Prospect with Care
Not every organization can prospect by phone. "It's seen as the telemarketing equivalent of spamming," Cadigan says, noting that you have to know when it's "appropriate to reach for that arrow in the quiver."
Twardowski concurs that tele-prospecting for donors is "the most difficult scenario." For a chance at success, you need to pre-qualify list rentals by using similar lists, he adds.
Taped messages are another means of reaching out to prospective donors that Twardowski has seen fund raisers use successfully. "Using a celebrity's voice, the message talks about the charity and the needs, then asks the person to please hold for a live operator to tell more. Then it switches to a live operator who briefly reiterates and then asks for a donation," he explains.
A similar tele-prospecting tool is to leave a recorded message asking for a call back. If it is constructed professionally, Twardowski says this can bring in fewer, but higher dollar donations.
Here's a case in point: Doctors can be difficult to get a hold of, he says. If you're trying to contact that market, Twardowski suggests, you could leave a message with an 800 number. "When they call back, we can tell through caller ID which program they were called in reference to." The average gifts are higher when they call because the fact that they picked up the phone signals that they are planning to make a donation, he explains. DON'T FORGET INBOUND
Inbound programs are very useful, suggests Max Hart, director of fund raising for Disabled American Veterans, an organization that doesn't use outbound calling for donations. "It's a win-win situation. The donor gets information, and the non-profit builds a relationship," he says.
Cadigan agrees, noting, "It is an access tool for member relationship building. You should have an 800 number 24-seven. Tie it into direct mail pieces so people can ask questions and make donations when they want."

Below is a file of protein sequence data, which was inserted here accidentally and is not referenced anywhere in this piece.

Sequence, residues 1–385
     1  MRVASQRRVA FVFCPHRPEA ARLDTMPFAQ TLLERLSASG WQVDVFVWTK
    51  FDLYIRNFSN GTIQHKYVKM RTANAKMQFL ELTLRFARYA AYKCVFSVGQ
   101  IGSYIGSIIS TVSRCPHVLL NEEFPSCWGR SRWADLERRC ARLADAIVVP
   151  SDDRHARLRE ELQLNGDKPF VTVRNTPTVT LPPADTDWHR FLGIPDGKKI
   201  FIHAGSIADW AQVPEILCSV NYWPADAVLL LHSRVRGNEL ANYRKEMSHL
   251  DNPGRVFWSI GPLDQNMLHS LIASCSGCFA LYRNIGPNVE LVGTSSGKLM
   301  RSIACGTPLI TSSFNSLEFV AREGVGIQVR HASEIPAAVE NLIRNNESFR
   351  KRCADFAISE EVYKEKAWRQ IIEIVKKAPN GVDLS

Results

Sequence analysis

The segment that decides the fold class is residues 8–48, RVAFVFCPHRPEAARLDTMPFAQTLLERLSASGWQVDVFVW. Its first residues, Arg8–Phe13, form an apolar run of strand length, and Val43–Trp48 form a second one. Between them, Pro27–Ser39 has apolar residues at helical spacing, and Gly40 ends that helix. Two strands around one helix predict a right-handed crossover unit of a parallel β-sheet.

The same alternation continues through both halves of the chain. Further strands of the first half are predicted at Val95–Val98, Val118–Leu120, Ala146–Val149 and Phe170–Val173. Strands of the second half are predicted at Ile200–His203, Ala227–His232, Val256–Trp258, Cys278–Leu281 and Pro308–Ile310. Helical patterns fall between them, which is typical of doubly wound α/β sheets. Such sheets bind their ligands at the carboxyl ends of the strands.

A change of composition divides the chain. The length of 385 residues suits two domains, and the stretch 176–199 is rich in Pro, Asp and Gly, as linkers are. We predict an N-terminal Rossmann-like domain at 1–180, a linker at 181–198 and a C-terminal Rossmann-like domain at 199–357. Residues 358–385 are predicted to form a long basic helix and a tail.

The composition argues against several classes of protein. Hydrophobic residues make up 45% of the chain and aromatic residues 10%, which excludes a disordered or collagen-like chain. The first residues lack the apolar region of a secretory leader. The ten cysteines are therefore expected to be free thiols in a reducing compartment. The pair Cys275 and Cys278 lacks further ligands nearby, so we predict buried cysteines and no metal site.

SOLICIT THE SECOND GIFT
One of the most effective ways to begin the process of resoliciting small donors is to instill the habit of giving early on by soliciting the second gift by phone, according to Mal Warwick. This is best done after a thank you note has mailed; however, the call could also thank the donor for the previous gift.
Here's an example from Warwick's book, "You Don't Always Get What You Ask For" of how that scenario worked for one national membership organization.
A target group of nearly 10,000 new members was selected whose first gift had been given three to five months previously. None had given gifts as large as $50; none less than $15. The average was around $17. Over a six-week period, 3,258 were contacted by phone by professional fund raisers. (Phone numbers were unavailable for many, and others simply could not be reached.) Of the contacted group, 43 percent, or 1,387 members, pledged to give again, with the average pledge rate being nearly $26—50 percent more than the average first gift!
More important than the second gifts generated through the pledge drive was the longer-term impact of the calls, Warwick writes. The project manager reported that the 3,258 persons reached by phone were significantly more responsive to future efforts both by mail and phone—whether they pledged or not.
TESTING IS KEY
Another twist on the fund raiser-phone connection is the program set up by DialAmerica through which it sells magazine subscriptions and renewals over the phone and donates a portion—12.5 percent—to a non-profit organization, explains Phil Saulus, vice president of sponsor relations.
Whatever approach you take, Twardowski says that when a program first goes up, "we recommend that the organization comes into town and listens to the calls to be able to see firsthand how it is working. The beauty of this is, we can make changes on the fly if something's not clicking."
And listen carefully to what donors say. It's important to capture information in the database about how they've been contacted and the outcomes. This provides valuable ammunition for future campaigns.